POSTED BY: BILL SWEET
The Financial Times reported recently that prices of polysilicon photovoltaic modules, the workhorse of the global solar industry, have dropped to below US $1.50 per watt. Three years ago they were about $3.50/W, and three years before that the total installed cost of PV (not just the module cost) more than $7.00/W–about seven times the cost of wind, which already then could be considered on the verge of economic viability. A solar price approaching $1.00/W would in theory make solar near-economic too and ought in principle bode very well for PV prospects.
But the polysilicon price cited by the FT reflects market forces of supply and demand that are powerfully influenced by government subsidies for both production and installation of PV arrays. The fact is, nobody has the slightest idea what the world price of polysilicon modules would be in the absence of subsidies.
The situation brings to mind something Warren Buffett once said to Ted Koppel, the creator and former anchorman of ABC’s “Nightline.” Describing the U.S. housing bubble many years before it burst, Buffett said it was as though in a small neighborhood everybody kept selling their houses to everybody else, so that the price of a house just kept going up and up and up. We wouldn’t know what the real price of a house was until somebody moved out of the neighborhood and sold to an outsider, Bufftett told Koppel, sipping coffee in the Omaha diner where he liked to work.
Three years ago, First Solar got wide attention with its claim that it had come up with a thin-film production technology that enabled it to produce large PV arrays at a cost of $1.00/W. Though such arrays consume a lot of real estate and therefore cannot be directly compared to polysilicon modules in terms of costs and prices, the reported production cost naturally got very wide attention, because it seemed to be approaching economic equivalence with wind’s. Inasmuch as wind had been the big story in power generation for the previous 15 years, solar equivalence—if it was truly equivalence—suggested photovoltaics might be the big story in the next 15.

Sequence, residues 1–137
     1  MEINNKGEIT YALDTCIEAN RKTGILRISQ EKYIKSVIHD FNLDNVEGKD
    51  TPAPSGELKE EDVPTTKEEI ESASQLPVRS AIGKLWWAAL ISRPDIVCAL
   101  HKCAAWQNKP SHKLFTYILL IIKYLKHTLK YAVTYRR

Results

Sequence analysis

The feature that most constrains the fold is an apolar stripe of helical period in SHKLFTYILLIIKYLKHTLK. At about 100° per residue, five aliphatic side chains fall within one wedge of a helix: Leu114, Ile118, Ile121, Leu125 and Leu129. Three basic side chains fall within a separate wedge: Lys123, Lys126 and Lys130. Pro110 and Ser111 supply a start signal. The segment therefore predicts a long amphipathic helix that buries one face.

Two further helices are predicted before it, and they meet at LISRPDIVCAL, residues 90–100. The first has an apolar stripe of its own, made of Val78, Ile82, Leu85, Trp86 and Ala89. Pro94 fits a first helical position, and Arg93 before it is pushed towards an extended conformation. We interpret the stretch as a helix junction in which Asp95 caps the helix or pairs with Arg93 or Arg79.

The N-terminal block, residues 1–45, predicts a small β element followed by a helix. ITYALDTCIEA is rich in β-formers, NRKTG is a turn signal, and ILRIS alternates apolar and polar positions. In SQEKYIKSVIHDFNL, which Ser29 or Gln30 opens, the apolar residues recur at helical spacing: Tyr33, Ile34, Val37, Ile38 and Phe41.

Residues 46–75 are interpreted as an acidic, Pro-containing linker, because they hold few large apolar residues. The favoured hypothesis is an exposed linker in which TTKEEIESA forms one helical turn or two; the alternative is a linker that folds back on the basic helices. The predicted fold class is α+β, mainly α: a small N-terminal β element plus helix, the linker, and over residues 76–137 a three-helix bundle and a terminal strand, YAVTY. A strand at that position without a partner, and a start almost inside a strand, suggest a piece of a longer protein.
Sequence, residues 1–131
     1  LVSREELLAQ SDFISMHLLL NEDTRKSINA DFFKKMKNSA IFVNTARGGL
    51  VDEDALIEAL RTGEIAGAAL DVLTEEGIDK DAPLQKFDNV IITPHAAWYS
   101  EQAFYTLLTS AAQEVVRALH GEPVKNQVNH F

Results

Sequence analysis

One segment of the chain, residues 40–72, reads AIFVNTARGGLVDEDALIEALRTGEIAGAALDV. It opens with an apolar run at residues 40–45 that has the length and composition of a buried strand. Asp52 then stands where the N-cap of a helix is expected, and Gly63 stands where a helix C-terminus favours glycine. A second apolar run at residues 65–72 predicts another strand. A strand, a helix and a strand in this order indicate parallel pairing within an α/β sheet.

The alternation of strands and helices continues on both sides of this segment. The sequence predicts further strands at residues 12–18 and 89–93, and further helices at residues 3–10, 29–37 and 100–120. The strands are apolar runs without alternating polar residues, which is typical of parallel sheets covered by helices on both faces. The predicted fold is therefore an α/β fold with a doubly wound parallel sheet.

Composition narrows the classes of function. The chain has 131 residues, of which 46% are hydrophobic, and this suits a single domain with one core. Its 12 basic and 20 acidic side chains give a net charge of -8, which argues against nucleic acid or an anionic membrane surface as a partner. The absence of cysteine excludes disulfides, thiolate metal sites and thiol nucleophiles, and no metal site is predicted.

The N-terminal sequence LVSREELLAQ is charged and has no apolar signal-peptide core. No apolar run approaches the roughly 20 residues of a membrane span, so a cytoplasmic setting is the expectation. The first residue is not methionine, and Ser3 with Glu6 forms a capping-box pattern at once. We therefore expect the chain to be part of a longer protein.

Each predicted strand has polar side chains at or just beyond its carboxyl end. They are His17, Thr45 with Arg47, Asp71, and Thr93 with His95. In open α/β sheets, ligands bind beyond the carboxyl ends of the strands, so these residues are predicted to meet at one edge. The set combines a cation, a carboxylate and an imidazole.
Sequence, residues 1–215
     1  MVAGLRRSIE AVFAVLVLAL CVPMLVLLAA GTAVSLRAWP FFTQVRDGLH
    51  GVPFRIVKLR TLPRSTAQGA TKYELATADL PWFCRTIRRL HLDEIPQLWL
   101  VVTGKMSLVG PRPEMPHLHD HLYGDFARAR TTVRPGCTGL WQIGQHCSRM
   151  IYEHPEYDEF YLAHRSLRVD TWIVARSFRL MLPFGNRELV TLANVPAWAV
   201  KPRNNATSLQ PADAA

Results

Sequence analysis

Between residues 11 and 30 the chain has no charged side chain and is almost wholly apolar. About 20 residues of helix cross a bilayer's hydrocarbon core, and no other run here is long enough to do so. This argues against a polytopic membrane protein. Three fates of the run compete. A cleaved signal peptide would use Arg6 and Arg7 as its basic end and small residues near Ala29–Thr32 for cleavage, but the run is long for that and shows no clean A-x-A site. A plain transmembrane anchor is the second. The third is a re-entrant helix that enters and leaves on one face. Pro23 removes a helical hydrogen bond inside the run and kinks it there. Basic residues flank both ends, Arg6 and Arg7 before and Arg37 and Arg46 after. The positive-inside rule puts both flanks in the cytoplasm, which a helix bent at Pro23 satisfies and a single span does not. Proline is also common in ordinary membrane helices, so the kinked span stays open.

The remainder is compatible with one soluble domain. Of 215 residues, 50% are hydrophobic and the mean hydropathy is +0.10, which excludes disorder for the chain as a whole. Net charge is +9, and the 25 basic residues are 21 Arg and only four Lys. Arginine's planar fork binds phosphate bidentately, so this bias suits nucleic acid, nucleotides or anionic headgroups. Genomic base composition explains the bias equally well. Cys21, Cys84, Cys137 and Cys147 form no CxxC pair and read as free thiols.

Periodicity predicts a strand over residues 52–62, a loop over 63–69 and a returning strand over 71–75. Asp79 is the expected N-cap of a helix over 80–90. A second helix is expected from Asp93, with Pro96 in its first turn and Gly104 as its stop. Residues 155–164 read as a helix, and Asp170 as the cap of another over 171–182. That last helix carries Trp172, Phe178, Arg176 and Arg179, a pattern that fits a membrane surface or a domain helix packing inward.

Adding spice to that tempting concoction: First Solar’s eccentric policy of not talking to the press, which made its thin-film technology something of a black box.
As noted here two weeks ago, very low Chinese prices for polysilicon have made life tough not just for standard PV manufacturers elsewhere but also for companies with competing technologies, such as First Solar. Today it was reported that First Solar will be unable to meet a Department of Energy deadline to qualify for a $1.9 billion loan guarantee for a California wind farm it’s been developing and hopes to sell. Previously, First Solar had made known it was putting less emphasis on its novel thin-film technology and more on general solar project development.
Because of disconcerting news like that, the slew of recent PC bankruptcies, and general unease about solar prospects, First Solar’s share price has dropped sharply in recent weeks, to the lowest level since April 2007.
It also was announced today, Sept. 23, that SolarCity will be unable to complete paperwork in time to obtain a $355 million DOE loan guarantee to support installation of PV generating systems in military housing on various bases. As a result, SolarCity will have to sharply cut back that program. The adverse development is attributed to a tightening of rule enforcement at DOE, because of Solyndra.